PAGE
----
Michael Collins
Cry Freedom

“I like all political films to be honest. They all follow the same narrative – a little guy, taking on the big guy, for the benefit of the people and the greater good, overcoming the obstacles and justice prevailing in the end. I think the first one of these is Mr Smith Goes To Washington – a total classic, but Michael Collins, and Cry Freedom stick in the mind too. Truly inspirational about the capacity humans have to change the world they live in” – Joe Goldberg, Labour, Witney

The Pianist

“This is the most hard-hitting Holocaust film I know, for some it may be too realistic. Sometimes you have to send a strong message to break through people’s apathy which is the curse of British society today” – Paul Penlington, Liberal Democrat, Vale of Clwyd

It’s A Wonderful Life

“Don’t tell me that’s not a political film” – Suzy Davies, Conservative, Brecon and Radnorshire

The Shawshank Redemption

“It has great themes about friendship and greed and racism, and ultimately is filled with such hope” – Annajoy David, Labour, Scarborough and Whitby

The Long Good Friday

“I would need more space to explain my theory on it being an allegory on local government” – Paul Ankers, Liberal Democrat, Bolton North East

Sophie Scholl – The Final Days

“A movie about courage, never giving in and fighting for what you believe in. It shows the evils of an authoritarian state and the best of human nature at the same time” – Robert Halfon, Conservative, Harlow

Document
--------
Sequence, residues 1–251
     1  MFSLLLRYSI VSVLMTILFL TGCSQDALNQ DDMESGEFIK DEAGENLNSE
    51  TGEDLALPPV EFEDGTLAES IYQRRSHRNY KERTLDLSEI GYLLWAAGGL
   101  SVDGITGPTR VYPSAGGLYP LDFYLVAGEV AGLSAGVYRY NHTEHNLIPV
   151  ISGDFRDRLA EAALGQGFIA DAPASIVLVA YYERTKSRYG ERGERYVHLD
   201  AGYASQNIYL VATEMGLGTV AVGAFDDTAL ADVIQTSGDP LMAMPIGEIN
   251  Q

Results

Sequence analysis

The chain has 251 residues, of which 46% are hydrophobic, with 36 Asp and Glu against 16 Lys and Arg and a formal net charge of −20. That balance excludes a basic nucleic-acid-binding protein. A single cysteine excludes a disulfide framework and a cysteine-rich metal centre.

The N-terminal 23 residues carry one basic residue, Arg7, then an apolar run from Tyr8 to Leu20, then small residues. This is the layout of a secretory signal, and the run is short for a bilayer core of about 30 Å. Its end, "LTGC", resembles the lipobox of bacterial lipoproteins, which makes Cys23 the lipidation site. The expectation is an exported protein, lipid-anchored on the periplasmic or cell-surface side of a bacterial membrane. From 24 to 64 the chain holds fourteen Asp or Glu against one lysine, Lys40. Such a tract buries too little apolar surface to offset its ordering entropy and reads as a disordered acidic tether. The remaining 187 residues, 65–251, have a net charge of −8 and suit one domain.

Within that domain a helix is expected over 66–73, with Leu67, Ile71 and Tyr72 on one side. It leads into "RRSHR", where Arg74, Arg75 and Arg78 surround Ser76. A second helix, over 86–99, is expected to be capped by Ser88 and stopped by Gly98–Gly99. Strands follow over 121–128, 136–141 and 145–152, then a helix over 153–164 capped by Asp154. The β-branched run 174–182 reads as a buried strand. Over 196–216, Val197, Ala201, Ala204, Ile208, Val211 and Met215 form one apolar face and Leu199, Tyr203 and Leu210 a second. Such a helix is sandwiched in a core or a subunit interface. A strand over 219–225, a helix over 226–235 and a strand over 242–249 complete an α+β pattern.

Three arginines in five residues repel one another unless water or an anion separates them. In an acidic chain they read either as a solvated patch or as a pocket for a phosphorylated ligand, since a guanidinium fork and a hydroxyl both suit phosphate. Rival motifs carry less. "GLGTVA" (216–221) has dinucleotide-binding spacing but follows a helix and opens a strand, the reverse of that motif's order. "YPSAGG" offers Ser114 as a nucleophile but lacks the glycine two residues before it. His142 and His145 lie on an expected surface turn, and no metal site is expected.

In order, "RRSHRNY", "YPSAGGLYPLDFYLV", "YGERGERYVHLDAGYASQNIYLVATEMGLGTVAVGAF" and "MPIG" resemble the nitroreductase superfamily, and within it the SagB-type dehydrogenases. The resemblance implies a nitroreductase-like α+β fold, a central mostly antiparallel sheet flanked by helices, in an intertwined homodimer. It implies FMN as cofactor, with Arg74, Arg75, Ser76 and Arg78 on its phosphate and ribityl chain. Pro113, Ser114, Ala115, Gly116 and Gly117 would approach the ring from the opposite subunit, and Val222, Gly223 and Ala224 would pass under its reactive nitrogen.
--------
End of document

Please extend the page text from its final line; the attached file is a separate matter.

Invictus

“It’s a great movie and whilst not focused on Nelson Mandela alone it still portrays the powerful message of Mandela’s leadership, which I’ve always been in awe of” – Darren Jones, Labour, Torridge and West Devon

Thirteen Days

“Thirteen Days is very good at focusing on the Cuban Missile Crisis and the decisions facing America at that moment- with everything resting on those decisions – I’m not sure some recent decisions have been thought through so carefully!” – Ian Garrett, Liberal Democrat, West Bromwich East

Brassed Off

“Reminds me of community determination in the 1980s facing the cruelty of Thatcherism” – Simon Burgess, Labour, Brighton Kemptown

Nixon

“Nixon and the related Watergate film with Robert Redford and Dustin Hoffman are most revealing and epitomises the need for freedom of the press in our public political lives. Cover-ups in politics that are revealed years later annoy me as it indicates the public being duped in a self serving manner” – Galen Milne, Liberal Democrat, Banff and Buchan

W

“Fantastic, but very disturbing at the same time” – Greg Williams, Labour, West Aberdeenshire and Kincardine

Brazil

“It’s a hard going film, but incredibly interesting and innovative” – Charlotte Farrington, Liberal Democrat, Birmingham Hall Green

And here’s a few final picks…

Land and Freedom
The Day of the Jackal
The Candidate
Citizen Kane
The God of War
I’m All Right Jack
Passport to Pimlico
Z